The ASCB meeting brings scientists from all levels to talk about cell biology, which is actually almost anything “biology”. But there’s also a full program dedicated to other matters, like science careers, science publishing, science communications and science policy. This is also a great venue for companies to show their products, and for organizations/institutions to recruit new members. If I remember the numbers correctly, there were over 550 oral presentations and over 2,700 posters. I overheard someone saying there were ~6000 people attending the meeting. I typically go to RNA meetings that are mostly in the lower 100’s of participants. So, to me, that’s a large meeting.
Just hears a great talk today by Pavel Tomancak from Max-Planck institute. He’s doing amazing work in systematic imaging of fly RNAome & proteome during development. Check out his website (click his name above).
He also talked about Fiji, which an open source software that is just like ImageJ, but with supporting community that develops new scripts & applications.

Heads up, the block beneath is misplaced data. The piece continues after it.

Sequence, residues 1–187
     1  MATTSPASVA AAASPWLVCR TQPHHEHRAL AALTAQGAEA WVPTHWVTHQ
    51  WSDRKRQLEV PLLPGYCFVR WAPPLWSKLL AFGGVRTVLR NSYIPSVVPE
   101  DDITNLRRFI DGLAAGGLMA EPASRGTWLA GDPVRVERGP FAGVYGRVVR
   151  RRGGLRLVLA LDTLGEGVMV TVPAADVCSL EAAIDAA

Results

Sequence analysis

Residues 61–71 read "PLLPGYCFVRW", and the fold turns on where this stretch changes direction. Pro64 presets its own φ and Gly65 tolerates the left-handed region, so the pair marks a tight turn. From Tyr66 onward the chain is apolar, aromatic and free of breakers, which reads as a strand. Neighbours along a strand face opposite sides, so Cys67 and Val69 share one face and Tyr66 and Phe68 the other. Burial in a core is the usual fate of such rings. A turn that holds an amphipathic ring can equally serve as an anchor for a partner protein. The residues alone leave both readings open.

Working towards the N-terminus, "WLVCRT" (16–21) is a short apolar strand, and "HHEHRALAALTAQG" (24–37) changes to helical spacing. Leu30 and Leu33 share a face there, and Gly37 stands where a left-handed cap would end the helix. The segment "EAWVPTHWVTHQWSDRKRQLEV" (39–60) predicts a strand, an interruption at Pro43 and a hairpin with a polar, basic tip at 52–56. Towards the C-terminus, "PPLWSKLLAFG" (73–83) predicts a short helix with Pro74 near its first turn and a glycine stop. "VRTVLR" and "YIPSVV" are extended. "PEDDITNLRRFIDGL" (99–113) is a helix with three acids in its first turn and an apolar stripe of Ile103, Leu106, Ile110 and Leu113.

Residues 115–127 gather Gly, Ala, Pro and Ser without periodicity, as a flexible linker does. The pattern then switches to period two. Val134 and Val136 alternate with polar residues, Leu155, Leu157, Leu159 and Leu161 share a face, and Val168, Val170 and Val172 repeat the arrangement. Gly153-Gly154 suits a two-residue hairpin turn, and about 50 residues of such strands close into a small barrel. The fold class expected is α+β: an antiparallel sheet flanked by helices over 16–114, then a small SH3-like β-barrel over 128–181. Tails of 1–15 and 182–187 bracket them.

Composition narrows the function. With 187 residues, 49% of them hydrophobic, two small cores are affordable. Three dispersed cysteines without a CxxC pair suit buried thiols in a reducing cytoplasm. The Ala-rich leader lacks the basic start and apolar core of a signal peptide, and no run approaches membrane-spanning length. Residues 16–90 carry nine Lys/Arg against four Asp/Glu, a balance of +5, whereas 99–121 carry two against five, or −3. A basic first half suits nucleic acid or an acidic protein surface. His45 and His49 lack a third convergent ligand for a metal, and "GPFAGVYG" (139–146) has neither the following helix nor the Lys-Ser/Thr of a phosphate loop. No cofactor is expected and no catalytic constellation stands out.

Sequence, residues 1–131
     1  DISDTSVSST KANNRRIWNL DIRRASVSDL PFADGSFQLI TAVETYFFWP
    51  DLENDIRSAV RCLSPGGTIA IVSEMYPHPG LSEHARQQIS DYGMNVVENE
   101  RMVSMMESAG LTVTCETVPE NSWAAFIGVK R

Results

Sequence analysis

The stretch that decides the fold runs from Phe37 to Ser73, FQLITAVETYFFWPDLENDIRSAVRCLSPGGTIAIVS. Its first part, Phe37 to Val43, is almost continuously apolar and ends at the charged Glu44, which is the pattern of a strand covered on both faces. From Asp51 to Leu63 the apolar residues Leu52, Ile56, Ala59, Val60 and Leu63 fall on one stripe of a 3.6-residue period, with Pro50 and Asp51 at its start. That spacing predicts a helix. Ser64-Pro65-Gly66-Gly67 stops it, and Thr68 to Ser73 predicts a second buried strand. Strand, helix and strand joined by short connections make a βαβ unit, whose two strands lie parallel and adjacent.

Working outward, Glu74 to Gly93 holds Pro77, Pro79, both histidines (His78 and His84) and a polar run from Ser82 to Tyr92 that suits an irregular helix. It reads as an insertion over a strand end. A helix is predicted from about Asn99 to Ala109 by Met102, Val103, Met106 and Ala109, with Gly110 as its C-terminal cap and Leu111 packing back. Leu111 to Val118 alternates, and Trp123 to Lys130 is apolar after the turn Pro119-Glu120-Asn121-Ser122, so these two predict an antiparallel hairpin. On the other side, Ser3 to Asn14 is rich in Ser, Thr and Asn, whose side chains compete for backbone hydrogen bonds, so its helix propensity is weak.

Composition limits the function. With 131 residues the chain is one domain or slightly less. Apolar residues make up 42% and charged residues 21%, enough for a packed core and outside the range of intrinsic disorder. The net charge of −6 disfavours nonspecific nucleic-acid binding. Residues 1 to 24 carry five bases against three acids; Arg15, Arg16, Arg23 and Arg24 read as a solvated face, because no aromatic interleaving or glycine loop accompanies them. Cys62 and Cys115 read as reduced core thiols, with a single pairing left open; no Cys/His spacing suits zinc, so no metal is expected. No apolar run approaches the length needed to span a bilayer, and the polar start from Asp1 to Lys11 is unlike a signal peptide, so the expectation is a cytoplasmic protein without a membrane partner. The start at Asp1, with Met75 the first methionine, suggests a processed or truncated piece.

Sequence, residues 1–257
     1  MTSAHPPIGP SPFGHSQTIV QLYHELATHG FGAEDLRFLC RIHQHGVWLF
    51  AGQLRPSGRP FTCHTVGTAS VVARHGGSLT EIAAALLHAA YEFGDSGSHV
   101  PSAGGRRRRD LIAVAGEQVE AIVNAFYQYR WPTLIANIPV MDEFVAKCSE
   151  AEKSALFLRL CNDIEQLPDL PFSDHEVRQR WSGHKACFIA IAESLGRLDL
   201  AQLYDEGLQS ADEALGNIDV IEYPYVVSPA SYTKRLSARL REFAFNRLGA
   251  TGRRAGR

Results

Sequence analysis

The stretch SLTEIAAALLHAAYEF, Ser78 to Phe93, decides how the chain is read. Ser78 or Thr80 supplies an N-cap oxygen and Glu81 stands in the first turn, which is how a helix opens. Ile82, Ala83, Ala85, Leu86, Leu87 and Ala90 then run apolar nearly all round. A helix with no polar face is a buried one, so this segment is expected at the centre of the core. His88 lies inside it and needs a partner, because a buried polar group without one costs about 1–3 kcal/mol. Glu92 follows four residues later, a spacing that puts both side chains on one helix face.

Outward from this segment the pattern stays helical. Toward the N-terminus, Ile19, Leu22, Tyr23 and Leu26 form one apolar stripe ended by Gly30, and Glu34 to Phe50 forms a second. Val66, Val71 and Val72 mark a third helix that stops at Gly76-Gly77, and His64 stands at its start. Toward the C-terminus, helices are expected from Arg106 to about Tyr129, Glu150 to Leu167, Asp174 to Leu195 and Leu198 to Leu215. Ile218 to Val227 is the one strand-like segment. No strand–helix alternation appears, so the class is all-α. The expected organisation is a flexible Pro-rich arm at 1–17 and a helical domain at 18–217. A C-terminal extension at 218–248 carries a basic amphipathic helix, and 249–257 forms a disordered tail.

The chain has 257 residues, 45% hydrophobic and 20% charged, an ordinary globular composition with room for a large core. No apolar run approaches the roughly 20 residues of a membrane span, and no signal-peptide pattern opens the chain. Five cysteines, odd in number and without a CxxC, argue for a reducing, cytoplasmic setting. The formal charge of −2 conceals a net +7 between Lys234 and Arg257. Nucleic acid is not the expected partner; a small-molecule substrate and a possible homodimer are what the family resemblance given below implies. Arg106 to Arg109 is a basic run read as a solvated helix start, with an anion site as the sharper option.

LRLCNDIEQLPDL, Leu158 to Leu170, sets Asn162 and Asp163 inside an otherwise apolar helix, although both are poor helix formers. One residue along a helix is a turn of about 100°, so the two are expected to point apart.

A most unusual “open source” development that he is very proud about is the openSPIM.
SPIM – Selective Plane Illumination Microscopy – is a microscopy method in which a laser beam sends a narrow light sheet to the specimen, and the objective is at 90 degree from the light sheet (there are SPIM developments with up to 4 objectives that can image from all 4 sides. See here). This type of microscopy is good for imaging thick live specimens (e.g. whole worm, fly or fish embryo etc..). Due to the thickness of the sample, wide field imaging will cause too much background.
So, there are good SPIM microscopes that you can buy from companies like Zeiss. but he developed the openSPIM, which is a build-it-yourself SPIM microscope, that actually fits into a suitcase (he took it to South-Africa with him to show college & high-school kids). He claims that non-specialist can construct it in one hour. All the details (parts, assembly instructions (“IKEA/Lego style”) are found at the website. The cost, he estimates, is ~40,000$ (with the camera being about half the cost). He claims that the openSPIM is comparable, in quality of images, to commercial SPIM microscopes from 5 years ago. Pretty good for standard imaging.
I like the idea.